The games over here are a spectacle, with a real wow factor, it’s awesome but it’s not sustainable for a long-term growth. If you have people who are just interested in the show, you have a lot of people there ticking a box to say they’ve been to that. Our game is a really interesting chess match and we’ve proven there’s a real appetite among European fans for actually learning the game. It’s about that education and getting them hooked on the game itself, which is what will take it to the next level and make it sustainable. I think you have to make that transition from “Wow, why is there a DJ on the sideline?” to “That’s a really cool strategy.”
Grassroots is a big part of development of American football, is that where you see Jags placed to be the real ‘home team’, through your commitment with Jag Tag?
Our ‘north star’ for everything we do is growth through participation, and we feel like participating at the game and at the sport is critical. But participation can take place in many different forms; one example is Jag Tag, our non-contact American football programme focused on primary and secondary school children that has seen around 3,000 children play. We also have an academy where we bring over former players and current coaches to upskill both coaches and active players of American football here in the UK; the Se7ens Cup is a national flag football tournament that’s just taken place, and we’re sending the winners to the Super Bowl.
Finally, we also hold weekly NFL viewing parties for people who aren’t necessarily participating in the sport, but who can watch and engage with the games as spectators.
We’ll be announcing more details about it, but we’ll also be launching a scholarship scheme next year with one of our founding partners. We’ll be sending a couple of kids to university every year for free, if they have participated in Jag Tag, and financially qualify for a needs based grant. We want to make American football aspirational and we feel like we have a real opportunity to do that.
There are nine teams in the NFL that play in the UK, is there ever a worry that they’ll choose to support one of those rather than Jags, considering the commitment you have made already?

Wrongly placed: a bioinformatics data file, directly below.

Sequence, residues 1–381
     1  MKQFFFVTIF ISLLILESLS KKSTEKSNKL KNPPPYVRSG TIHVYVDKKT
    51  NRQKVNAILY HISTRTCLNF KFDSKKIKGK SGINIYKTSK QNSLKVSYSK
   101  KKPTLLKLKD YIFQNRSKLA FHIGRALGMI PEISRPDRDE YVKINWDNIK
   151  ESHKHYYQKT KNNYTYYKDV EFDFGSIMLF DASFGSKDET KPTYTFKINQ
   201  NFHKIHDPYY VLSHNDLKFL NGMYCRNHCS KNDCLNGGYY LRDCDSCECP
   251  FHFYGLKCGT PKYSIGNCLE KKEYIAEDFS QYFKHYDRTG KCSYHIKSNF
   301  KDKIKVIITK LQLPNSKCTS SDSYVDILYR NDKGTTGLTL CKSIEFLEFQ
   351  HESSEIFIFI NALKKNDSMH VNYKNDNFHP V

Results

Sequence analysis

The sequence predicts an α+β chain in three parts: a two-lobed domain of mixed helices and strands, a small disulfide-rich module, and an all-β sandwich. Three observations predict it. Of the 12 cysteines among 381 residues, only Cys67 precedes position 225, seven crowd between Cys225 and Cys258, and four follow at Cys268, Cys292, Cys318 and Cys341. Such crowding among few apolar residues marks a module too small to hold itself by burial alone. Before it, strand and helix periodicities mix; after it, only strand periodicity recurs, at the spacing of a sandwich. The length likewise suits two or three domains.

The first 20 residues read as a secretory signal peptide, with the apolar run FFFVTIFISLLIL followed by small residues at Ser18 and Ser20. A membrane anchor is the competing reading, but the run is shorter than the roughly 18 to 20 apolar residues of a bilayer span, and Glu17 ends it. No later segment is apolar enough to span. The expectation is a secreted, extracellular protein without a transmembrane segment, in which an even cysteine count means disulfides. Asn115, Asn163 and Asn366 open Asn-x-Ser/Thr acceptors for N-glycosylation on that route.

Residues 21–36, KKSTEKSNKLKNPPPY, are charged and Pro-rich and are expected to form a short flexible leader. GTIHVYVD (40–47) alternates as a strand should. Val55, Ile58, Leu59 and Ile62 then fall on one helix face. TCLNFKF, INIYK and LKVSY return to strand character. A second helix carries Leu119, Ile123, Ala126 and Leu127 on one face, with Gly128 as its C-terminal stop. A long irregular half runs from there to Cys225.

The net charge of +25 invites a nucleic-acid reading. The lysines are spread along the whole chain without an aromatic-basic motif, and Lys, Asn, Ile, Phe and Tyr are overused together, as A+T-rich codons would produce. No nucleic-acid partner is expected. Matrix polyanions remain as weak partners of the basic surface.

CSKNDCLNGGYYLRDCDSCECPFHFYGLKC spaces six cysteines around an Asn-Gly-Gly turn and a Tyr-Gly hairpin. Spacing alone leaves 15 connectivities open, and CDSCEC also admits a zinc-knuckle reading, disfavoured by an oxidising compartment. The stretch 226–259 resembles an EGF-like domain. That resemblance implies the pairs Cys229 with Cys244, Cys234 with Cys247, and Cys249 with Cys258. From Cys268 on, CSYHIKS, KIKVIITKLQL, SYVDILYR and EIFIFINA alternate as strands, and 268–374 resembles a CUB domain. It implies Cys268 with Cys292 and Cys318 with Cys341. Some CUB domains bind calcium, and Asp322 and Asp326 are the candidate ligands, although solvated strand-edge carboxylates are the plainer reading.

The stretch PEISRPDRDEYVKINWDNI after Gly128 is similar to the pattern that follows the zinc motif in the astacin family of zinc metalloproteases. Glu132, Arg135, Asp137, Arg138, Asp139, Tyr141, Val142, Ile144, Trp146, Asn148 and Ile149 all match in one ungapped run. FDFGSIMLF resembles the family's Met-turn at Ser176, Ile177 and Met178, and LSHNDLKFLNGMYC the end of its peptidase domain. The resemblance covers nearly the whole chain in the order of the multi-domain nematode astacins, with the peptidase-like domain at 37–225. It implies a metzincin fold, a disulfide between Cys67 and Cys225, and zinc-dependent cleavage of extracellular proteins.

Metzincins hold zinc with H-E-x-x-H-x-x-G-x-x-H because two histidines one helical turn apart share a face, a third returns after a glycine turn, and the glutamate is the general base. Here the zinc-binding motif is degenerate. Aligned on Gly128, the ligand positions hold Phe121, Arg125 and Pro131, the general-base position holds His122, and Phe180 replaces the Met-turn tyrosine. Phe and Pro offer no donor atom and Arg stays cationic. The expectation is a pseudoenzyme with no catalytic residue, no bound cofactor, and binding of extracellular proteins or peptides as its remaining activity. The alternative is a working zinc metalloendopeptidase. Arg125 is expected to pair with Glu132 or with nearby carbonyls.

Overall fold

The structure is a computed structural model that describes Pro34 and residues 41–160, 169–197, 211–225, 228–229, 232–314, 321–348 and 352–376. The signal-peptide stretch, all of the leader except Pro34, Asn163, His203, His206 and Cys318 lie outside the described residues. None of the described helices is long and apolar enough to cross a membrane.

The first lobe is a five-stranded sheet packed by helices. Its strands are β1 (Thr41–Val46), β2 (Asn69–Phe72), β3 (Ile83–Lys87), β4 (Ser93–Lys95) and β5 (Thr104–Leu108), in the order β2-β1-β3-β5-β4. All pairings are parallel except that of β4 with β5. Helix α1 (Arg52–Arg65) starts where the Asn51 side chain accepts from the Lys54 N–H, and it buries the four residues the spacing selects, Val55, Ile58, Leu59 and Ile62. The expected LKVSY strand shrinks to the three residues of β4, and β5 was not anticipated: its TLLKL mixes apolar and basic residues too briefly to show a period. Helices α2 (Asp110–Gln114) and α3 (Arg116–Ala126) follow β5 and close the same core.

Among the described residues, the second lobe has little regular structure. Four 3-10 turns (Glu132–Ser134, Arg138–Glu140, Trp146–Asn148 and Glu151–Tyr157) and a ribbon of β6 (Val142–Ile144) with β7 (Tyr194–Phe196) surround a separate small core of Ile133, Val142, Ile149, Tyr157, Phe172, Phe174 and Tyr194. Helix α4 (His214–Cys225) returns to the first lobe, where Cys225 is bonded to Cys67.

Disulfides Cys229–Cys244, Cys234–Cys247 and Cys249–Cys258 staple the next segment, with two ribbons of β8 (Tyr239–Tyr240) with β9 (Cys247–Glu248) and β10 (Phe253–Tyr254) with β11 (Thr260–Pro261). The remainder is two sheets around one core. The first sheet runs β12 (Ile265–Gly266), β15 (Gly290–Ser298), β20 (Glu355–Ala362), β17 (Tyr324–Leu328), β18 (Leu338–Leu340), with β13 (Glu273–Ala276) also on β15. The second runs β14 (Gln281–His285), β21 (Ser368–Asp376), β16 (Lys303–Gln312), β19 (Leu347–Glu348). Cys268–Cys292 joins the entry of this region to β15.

We are here on a regular basis and are committed to growth of the game, and the fact we are here has given us a lot of traction. We’ve gone from when we started five years ago as the 31st or 32nd most popular team, to now being in the top ten in the UK because of our reoccurring presence. It’s not been due to our play on the pitch anyway!
There are clearly things we are doing that are working. If you look at the growth of fandom and the composition of the fans at each of these games, you’ll see the predominance of Jaguars merchandise at our games compared to other International Series games where you see a much more diverse set of jerseys. I think that helps to prove that when the Jags are in town, the fans want to see them.
There’s also now an exclusive UK weekly press conference called Jaguars Jams. There are all sorts of ways for fans to participate and we feel like we have something for everyone through each one of those elements. There’s no secret that content is king and we need to develop content that is interesting to broaden our fan base. It’s not often that fans have the opportunity to ask NFL players questions and it hasn’t been commonplace for UK media, on an exclusive basis, to speak to any NFL team. It’s important to have resonance within this market and that informs everything we do.
The Jags recently played to a sold-out crowd at Wembley. More stadiums are now part of the game, so what do you think the next steps are for the Jags, and the sport as a whole?
The continued presence and education of the game. The NFL has done a fantastic job of making the game available – we are the only sport that has two highlights shows on the BBC. Viewership last year alone was up 43% and that speaks that the league has a great media strategy here.
Growing availability is key, and we are really pleased with how things are going.